The Basics of Estate Planning

So you know that you need an estate plan, but you're not really sure to get started. Or perhaps you're not sure if a particular aspect of estate planning even applies to you. This article reviews some basics in the foundations of planning your estate and should spark your interest in setting up the plan that works for you.

Start With The Will
The will is essentially the cornerstone and base of your financial and estate planning. Without it, your individual desires and requests are not guaranteed and protected. Your will outlines your plans for the distributions of both assets and property on your death, and it should always be updated to reflect your most recent wishes. It is not uncommon to revise a will several times (for example, as family sizes grow or as assets in your name are changed). When you pass away, an executor will be appointed to carry out the process of estate administration. The will is so important because it lays out the framework for what will happen after you pass away, giving you some control in the matter.

Trusts
Sometimes, a trust is a valuable answer to your estate planning problems. The goal of a trust is to pass on or transfer assets over to another person, and the trust is managed by a trustee. There are many different purposes for a trust, depending on your individual motives. You can set your own conditions based on how and when the motors should be transferred and reduce the delays associated with going through the probate process.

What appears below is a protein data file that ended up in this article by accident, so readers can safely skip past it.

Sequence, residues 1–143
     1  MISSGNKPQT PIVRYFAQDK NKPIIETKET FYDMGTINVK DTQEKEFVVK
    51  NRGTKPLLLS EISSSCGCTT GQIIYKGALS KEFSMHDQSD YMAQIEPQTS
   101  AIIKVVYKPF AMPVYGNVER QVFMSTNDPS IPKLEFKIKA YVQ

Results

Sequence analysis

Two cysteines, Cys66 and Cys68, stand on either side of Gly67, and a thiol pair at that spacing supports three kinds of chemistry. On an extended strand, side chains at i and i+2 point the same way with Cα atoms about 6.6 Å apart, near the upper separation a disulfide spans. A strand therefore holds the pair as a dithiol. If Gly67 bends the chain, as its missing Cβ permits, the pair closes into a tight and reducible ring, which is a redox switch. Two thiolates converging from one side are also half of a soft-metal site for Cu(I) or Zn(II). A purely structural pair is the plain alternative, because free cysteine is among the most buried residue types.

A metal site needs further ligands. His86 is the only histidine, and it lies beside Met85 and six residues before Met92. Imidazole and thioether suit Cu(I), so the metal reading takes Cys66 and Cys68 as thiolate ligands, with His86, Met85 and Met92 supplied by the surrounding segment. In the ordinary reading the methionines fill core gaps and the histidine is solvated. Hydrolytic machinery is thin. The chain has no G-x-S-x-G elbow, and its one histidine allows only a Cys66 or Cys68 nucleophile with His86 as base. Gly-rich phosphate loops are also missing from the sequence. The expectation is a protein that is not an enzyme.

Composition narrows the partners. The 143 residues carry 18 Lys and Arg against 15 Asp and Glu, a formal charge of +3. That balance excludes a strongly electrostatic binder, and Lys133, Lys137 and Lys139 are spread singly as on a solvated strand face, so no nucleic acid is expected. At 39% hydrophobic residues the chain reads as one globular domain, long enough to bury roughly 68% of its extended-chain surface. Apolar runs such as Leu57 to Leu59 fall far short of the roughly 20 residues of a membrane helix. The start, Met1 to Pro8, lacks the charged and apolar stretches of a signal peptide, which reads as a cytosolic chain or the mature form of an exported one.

Living Will/ Medical Power of Attorney
A living will or healthcare proxy is an advanced medical directive articulating your desires in the case that you become unable to verbalize your wishes. If you become terminally ill, unable to communicate, or otherwise incapacitated, your health-care proxy will be the official document determining the next course of action. Generally, each state will have a statute stipulating when a health-care proxy becomes active, so you'll want to speak with a New Jersey expert to be sure you're clear on the exact rules and regulations for that state.

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